To quote that great fictitious New Orleans Saint Forrest Gump (he played for the club in the book sequel, “Gump & Co.”), it was like olden times again Sunday for the guys in black and gold.

Drew Brees was throwing touchdown passes to Marques Colston and marching up the NFL record book. The defense looked like, well, a defense, rather than 11 guys simply occupying space. And the running game, led by a once-cut Saint named Tim Hightower, was grinding out tough yards when New Orleans simply had to have them. When no one else could get them.

In short, the Saints looked like a good team in their 24-17 victory at Tampa Bay, a team that had things to play for instead of the other way around, which was really the case.

“We did the things today that are winning football,” Brees said. “We protected the football, (were) running the ball effectively, defense doing a great job ... finishing drives ... just all those things that are considered winning football.”

None of this was against what you would call a great Tampa Bay team, though it was a Buccaneers squad that had won three of its previous four to get to 6-6 and position itself in the hunt for a wild-card berth. A Bucs squad that needed a win over a Saints team that looked ripe for another fall to keep its postseason hopes alive.

The Saints stole their division rival’s momentum and their hope, taking advantage of Tampa Bay’s mistakes and misfires and not giving it too much kindling to start a fire that would burn down New Orleans’ chances of victory, as was the case against Carolina last week.

So many things have gone wrong for the Saints this season. Injuries. Free agency and draft moves that haven’t panned out. Having to fire defensive coordinator Rob Ryan at midseason because the defense was so laughably inept that 11 cardboard cutouts might have slowed up the opposition more.

But whatever you say about these Saints, where they’ve been and where they’re going as a franchise, you can’t say they’ve quit. They followed up a humbling 24-6 loss at Houston two weeks ago when they were shut out of the end zone for the first time in the Sean Payton-Brees era with a painfully close 41-38 loss to the now 13-0 Panthers.

Do we actually live in a world where the Carolina Panthers may go 16-0?

I digress.

It would have been understandable, maybe even forgivable, if the Saints came here to bask in the Florida sun and begin the long, slow fade to a postseason vacation. If so, the talk could have truly begun in earnest about whether it’s time to start breaking up the Saints’ long-standing triumvirate of Payton, Brees and general manager Mickey Loomis and start selling off the pieces like Ma Bell back in the 1980s.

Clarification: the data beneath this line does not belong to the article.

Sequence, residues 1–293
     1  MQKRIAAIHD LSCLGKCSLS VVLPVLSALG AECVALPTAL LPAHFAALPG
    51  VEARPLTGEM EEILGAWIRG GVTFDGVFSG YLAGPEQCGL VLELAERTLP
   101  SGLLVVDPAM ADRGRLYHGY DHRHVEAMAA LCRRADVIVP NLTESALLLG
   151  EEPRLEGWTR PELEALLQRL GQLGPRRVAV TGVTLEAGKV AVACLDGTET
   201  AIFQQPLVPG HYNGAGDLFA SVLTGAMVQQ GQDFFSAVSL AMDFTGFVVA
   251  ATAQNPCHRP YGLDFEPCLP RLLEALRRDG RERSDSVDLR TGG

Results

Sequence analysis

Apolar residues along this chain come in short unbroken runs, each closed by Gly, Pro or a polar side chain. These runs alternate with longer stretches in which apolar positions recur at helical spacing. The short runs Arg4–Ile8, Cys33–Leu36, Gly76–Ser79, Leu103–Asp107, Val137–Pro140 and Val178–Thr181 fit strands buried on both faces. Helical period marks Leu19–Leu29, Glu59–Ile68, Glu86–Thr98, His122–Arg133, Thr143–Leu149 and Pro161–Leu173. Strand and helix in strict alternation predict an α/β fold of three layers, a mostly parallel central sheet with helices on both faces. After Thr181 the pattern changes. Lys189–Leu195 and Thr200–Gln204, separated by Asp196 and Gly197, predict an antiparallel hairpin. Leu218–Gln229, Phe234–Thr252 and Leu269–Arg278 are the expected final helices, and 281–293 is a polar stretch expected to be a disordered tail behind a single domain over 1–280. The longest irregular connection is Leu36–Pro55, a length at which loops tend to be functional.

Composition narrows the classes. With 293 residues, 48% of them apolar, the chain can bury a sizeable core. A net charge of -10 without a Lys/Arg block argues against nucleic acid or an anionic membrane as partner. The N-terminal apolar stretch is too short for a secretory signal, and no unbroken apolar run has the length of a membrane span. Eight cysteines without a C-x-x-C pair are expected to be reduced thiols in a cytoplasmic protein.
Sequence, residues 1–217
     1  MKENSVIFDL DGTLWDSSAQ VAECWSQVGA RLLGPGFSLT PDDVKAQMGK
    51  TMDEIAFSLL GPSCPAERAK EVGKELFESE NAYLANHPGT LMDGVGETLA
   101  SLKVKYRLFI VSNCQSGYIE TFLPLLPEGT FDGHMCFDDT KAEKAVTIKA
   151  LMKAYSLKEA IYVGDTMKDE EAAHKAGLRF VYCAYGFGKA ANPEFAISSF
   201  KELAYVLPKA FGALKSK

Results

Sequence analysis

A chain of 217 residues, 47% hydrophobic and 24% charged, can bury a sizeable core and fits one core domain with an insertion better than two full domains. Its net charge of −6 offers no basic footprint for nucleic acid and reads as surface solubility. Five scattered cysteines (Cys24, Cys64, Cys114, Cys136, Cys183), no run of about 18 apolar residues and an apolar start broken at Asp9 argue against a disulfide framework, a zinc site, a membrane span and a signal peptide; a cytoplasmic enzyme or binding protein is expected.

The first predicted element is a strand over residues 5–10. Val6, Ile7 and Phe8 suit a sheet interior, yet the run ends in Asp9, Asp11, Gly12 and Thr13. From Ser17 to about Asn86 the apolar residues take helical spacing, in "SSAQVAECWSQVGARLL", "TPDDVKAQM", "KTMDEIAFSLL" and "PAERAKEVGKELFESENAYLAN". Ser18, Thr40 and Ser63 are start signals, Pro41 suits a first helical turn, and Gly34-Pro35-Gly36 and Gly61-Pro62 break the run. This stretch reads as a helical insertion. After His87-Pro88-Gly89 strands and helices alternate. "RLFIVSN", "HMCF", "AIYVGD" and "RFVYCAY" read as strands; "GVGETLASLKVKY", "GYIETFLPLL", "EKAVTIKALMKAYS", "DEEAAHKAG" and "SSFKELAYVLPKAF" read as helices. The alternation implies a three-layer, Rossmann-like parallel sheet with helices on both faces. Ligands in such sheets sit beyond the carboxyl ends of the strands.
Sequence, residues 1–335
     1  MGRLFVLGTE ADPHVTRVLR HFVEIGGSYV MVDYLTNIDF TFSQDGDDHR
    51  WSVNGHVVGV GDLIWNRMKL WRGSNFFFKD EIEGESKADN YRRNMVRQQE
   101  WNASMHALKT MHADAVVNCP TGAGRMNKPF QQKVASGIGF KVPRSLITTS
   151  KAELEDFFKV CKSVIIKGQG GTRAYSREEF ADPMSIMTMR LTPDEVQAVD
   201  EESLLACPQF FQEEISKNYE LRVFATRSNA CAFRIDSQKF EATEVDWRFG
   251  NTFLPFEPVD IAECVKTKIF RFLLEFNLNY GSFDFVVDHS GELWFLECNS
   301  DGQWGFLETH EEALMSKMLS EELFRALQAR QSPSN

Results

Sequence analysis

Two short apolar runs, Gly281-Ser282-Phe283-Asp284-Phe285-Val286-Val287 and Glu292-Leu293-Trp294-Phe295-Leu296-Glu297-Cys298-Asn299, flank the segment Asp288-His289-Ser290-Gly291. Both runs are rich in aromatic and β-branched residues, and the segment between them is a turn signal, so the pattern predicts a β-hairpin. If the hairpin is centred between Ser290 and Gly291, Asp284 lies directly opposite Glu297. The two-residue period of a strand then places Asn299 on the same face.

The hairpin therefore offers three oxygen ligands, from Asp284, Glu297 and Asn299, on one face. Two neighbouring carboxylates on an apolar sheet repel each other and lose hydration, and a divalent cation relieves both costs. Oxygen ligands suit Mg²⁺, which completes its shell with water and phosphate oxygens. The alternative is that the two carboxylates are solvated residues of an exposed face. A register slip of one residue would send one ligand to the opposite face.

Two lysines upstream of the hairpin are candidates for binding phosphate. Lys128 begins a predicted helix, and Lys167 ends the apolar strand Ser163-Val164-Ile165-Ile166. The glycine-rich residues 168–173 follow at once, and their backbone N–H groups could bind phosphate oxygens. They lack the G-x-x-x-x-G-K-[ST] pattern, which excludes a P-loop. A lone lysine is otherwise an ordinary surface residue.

But the Saints aren’t an illegal monopoly. They are a football team, one made of people who have pride and desire. On Sunday, the Saints proved that pride still mattered.

“The response this week was one of the things we talked about,” Payton said. “You’re concerned as a coach because you understand that you get close and yet you have to come back and go to work. It’s kind of the way life is, though. Our response was good this week; our effort was good. We did a good job of being smart, too.”

Smart was letting Brees get off to another molten hot start, completing 13 of his 14 passes — two of them short scoring tosses to Colston, his “Mister Reliable.” They now have 71 touchdown connections together, fifth-best all time. Brees now has 421 touchdown passes, passing the great Dan Marino for fourth-most in NFL history.

Smart was putting the ball in Hightower’s hands 28 times as he rushed for 85 yards, including a 4-yard gain on third-and-3 with just over a minute left to give the Saints the first down they needed to run out the clock.

Smart was Dennis Allen’s defense, playing tough and sticky run and pass defense (mostly) without fouling, except for some critical roughness penalties against Kyle Wilson on the Bucs’ first touchdown drive.

“I think we did a phenomenal job putting pressure on (Jameis Winston),” defensive end Cameron Jordan said, “making him release a little bit earlier than he wanted to. I’m just excited about the win.”

Detractors will ask, justly, what the Saints have to be excited about. The best they do is finish 8-8. Their playoff hopes are microscopic at best.

But if you saw Payton sprint off the podium after his postgame presser and shake hands and hug friends who came to watch Sunday, then head back into his locker room with a huge smile on his face, you understand what this win means.

Sometimes it’s just good to feel good about yourself, to feel you have a chance again to build on this win with one next Monday night against Detroit and think there’s at least a chance for it to turn into something positive.

Just like in olden times.

Follow Scott Rabalais on Twitter, @RabalaisAdv.